For many of us, the collective trauma of COVID-19 and racial injustice, including the white supremacist, anti-Black murders in Buffalo on May 14th, has greatly impacted our mental health and wellness. Our collective grief, pain, and anger can feel at times like too much to bear. But we know that just as all forms of violence are interconnected, so too must be our response to it. We must remain in solidarity, connected through our humanity, to uproot anti-Blackness.
For Mental Health Awareness Month and beyond, we're highlighting the power of connection in nurturing mental wellness. Community connectedness, a social determinant of health, plays a key role in promoting well-being, resilience, and healing from trauma.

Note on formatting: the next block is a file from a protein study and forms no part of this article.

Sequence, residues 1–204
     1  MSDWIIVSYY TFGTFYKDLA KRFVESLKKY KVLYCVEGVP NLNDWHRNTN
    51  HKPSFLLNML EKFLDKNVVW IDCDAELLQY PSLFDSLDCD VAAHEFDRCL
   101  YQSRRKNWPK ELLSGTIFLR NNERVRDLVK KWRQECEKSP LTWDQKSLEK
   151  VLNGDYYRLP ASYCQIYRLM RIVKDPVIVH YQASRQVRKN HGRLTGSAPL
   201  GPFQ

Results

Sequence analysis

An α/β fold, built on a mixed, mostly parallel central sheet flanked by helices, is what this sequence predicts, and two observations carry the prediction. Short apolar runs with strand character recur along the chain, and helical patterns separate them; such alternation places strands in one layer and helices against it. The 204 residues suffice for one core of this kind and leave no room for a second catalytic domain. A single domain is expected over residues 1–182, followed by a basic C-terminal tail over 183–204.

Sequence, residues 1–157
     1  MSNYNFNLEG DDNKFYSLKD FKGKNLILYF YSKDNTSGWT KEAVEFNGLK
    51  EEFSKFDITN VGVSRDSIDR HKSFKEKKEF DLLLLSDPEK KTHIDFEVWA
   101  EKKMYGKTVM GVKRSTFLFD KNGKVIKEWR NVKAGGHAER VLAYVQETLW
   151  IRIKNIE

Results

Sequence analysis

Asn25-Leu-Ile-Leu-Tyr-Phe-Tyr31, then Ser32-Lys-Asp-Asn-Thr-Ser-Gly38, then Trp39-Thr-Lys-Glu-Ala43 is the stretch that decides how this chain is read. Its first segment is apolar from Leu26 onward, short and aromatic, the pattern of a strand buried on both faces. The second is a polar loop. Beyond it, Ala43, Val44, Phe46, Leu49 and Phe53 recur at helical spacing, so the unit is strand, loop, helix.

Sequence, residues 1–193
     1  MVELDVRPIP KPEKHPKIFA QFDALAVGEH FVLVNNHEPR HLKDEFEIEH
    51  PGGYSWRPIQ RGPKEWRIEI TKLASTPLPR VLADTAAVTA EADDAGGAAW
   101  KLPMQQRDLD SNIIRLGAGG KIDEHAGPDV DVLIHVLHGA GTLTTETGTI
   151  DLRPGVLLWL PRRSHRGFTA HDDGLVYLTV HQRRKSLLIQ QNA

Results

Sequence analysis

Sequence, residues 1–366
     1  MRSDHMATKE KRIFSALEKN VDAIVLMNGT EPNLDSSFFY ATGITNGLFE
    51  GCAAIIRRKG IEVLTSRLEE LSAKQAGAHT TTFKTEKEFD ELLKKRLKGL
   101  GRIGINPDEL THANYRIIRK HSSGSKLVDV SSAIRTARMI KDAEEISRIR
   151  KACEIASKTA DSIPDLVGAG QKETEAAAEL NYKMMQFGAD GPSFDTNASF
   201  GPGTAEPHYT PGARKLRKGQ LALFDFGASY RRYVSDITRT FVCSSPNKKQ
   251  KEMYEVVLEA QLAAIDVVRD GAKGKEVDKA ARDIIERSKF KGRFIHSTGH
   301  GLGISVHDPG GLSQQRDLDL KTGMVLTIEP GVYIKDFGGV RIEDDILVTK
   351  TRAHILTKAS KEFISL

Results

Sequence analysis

"The onus of being resilient is often put on the affected and most underserved, including girls and gender-expansive youth. How can we transform our systems and institutions to shoulder the burden of resiliency and healing so the weight of recovery relies on a better ecosystem of support rather than on the mindsets and habits of our girls?" - Uniting Isolated Voices: Girls and Gender-Expansive Youth During COVID-19
This issue of the PreventIPV newsletter highlights the role of community connection in promoting mental well-being. Resources feature strategies for trauma-informed community building, community care, and healing justice.